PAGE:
After rising for five consecutive months, the market started its bumpy ride in September, as the shares of large technology firms saw a massive crash in the first week.
The crash came amid U.S. president Donald Trump’s recent claims — linking his defeat to the market crash. Trump — during a press conference on September 7 — suggested that his defeat to Democrats could lead to the economic collapse. “Stocks will crash like you’ve never seen before,” he added.
Don’t worry about Trump’s threats
Most of you might already be familiar with how Trump exaggerates things and — at times — makes false claims. This time, his words about the market crash sound like a direct threat to investors.
Nonetheless, I still wouldn’t pay heed to his claims, as I know he’s mainly making such statements just to grab attention ahead of the election — without any logical basis for his words. That’s one of the reasons you shouldn’t worry about Trump’s latest economic collapse and market crash threats.
Trump keeps bragging about the stock market gains
The sell-off began just a couple of days after Trump — during a COVID-19 related press briefing on August 31 — called the recent stock market rally “very impressive” and a “tremendous achievement.” He mentioned that “people are very happy with their 401(k)s and with the stocks that they have.”
However, investors’ happiness didn’t last for very long as the NASDAQ Composite Index tanked by 11% in just three days between September 3 to September 8. The S&P/TSX Composite Index — the key Canadian market benchmark — slipped nearly 4%.
After a breather on Wednesday, the market sell-off resumed as the NASDAQ, and the TSX fell by 2.1% and 1.2%, respectively, on Thursday.
But you must brace for higher volatility
No matter what the outcome of the U.S. elections would be, the U.S. and Canadian markets are expected to remain highly volatile ahead of the election in November. And you must immediately brace for the expected extreme volatility. So, basically, if your portfolio relies too much on a handful of industries and sectors, you should start adding stocks from other industries to it to make it more diversified.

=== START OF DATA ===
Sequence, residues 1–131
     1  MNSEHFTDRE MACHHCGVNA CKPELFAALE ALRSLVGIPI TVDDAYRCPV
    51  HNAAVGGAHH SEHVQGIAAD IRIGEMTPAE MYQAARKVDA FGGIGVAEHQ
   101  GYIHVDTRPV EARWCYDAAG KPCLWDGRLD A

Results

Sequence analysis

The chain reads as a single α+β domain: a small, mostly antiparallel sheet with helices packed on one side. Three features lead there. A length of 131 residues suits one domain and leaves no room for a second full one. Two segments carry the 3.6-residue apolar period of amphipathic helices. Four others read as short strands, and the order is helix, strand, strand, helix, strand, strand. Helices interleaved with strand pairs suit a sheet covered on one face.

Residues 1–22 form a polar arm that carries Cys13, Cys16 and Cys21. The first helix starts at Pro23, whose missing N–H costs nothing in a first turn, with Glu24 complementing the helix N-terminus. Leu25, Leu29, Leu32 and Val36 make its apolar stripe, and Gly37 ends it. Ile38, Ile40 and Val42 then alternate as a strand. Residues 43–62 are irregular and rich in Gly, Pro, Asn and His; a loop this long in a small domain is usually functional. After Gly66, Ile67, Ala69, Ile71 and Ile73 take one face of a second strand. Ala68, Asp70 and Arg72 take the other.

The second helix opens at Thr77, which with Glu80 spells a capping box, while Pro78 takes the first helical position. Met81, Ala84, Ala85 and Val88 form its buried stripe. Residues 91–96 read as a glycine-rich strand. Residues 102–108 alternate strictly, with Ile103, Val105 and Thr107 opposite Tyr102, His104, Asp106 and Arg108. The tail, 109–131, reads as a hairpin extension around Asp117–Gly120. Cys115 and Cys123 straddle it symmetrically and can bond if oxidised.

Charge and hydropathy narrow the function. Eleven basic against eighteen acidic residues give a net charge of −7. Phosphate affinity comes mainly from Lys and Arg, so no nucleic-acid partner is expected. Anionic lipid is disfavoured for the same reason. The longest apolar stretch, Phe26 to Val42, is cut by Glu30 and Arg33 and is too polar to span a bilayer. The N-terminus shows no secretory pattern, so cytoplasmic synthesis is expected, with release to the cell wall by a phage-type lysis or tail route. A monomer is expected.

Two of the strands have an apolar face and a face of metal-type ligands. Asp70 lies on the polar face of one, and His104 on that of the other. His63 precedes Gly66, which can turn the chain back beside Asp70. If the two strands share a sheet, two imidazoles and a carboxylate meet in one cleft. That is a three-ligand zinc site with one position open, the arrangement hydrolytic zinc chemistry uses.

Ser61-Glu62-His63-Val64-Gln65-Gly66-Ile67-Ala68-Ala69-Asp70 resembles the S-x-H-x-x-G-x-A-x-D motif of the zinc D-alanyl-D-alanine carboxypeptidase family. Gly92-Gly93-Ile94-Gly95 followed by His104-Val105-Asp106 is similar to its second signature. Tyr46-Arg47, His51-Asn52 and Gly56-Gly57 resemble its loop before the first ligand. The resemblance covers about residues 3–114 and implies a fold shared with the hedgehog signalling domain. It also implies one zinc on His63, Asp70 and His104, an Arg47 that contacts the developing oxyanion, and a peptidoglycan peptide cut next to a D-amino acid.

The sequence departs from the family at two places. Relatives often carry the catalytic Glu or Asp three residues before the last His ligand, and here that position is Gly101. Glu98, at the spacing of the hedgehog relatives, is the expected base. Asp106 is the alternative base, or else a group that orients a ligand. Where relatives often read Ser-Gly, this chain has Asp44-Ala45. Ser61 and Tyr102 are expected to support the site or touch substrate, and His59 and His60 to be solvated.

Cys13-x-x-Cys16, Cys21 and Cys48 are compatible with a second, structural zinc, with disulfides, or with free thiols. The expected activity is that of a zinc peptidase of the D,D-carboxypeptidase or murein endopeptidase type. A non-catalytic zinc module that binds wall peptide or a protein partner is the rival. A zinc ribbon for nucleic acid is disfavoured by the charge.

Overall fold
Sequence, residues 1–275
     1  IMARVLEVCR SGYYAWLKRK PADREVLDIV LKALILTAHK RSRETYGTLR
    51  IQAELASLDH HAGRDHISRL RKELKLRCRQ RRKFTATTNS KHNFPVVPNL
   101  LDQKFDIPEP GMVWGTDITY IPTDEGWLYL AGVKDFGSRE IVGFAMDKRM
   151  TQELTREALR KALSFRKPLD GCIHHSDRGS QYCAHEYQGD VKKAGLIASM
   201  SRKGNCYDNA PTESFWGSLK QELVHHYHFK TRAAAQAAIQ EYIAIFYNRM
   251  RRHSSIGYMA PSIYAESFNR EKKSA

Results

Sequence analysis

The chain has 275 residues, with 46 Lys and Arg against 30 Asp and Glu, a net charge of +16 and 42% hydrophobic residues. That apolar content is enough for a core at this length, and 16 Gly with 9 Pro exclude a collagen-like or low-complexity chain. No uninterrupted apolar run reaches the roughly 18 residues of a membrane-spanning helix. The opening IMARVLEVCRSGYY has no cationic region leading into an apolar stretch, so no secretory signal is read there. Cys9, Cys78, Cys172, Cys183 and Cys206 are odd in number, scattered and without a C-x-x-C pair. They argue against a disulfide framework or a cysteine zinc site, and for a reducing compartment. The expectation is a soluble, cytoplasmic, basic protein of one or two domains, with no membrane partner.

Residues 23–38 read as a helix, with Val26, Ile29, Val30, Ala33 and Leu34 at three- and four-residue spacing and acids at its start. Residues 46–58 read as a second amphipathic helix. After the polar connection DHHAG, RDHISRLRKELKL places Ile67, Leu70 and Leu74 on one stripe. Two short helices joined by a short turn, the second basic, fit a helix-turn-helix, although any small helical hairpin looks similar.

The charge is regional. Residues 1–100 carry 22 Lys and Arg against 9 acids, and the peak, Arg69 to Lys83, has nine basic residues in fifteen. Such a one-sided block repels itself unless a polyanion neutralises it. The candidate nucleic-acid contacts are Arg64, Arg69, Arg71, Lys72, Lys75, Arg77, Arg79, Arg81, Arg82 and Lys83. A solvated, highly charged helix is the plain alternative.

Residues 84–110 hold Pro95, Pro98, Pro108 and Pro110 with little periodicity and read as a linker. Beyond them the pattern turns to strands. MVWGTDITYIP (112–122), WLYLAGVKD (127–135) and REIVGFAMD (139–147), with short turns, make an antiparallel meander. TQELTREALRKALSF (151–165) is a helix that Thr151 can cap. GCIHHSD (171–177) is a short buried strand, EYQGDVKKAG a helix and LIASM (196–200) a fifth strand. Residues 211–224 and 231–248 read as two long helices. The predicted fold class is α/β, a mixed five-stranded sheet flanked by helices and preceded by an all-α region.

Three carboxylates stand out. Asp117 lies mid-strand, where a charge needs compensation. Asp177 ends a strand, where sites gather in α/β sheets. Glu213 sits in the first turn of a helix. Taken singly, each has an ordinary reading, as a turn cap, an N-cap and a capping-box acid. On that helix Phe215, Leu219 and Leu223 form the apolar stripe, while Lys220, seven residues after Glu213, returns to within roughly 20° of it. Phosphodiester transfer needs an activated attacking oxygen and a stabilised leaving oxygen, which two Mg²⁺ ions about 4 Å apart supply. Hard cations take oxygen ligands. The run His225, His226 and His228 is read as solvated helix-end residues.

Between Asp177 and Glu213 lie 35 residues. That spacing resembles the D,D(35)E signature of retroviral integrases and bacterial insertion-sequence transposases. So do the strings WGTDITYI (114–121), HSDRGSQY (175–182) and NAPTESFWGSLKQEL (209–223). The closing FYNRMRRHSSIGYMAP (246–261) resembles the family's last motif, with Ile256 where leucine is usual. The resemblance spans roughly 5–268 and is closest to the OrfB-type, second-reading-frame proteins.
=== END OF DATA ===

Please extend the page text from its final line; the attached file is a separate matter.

Opportunities for Canadian investors
In the last five months, the Canadian market didn’t rally as much as the U.S. indexes. The TSX Composite is still far away from its all-time high. I see it as a blessing in disguise for two reasons. First, if U.S. indexes continue to tank in the coming months, you could expect the Canadian stocks to remain relatively stable and fall — if at all — with lower intensity. Second, Canadian investors still have many open opportunities to buy stocks cheap.
While I’ve been arguing against investing in Canadian banks since their latest quarterly earnings came out in August, I expect some other industries — including many tech companies — to see consistent high growth in the near term.
Continue investing in high-growth stocks
Expected high growth and strengthening fundamentals could keep many tech stocks, like Lightspeed POS (TSX:LSPD), afloat in the coming quarters. The Montréal-based software company’s revenue grew by over 50% year over year in the last couple of quarters. This strong revenue growth is likely to help Lightspeed turn profitable sooner than earlier estimated. Despite its impressive sales growth, LSPD stock is still trading with moderate 14.3% year-to-date gains.
Also, the stock is nearly 15% below analysts’ consensus price target of $48 per share. Investors looking for a tech stock that’s not as overvalued as Shopify can consider investing in Lightspeed POS.
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Fool contributor Jitendra Parashar has no position in any of the stocks mentioned. Tom Gardner owns shares of Shopify. The Motley Fool owns shares of and recommends Shopify and Shopify. The Motley Fool owns shares of Lightspeed POS Inc.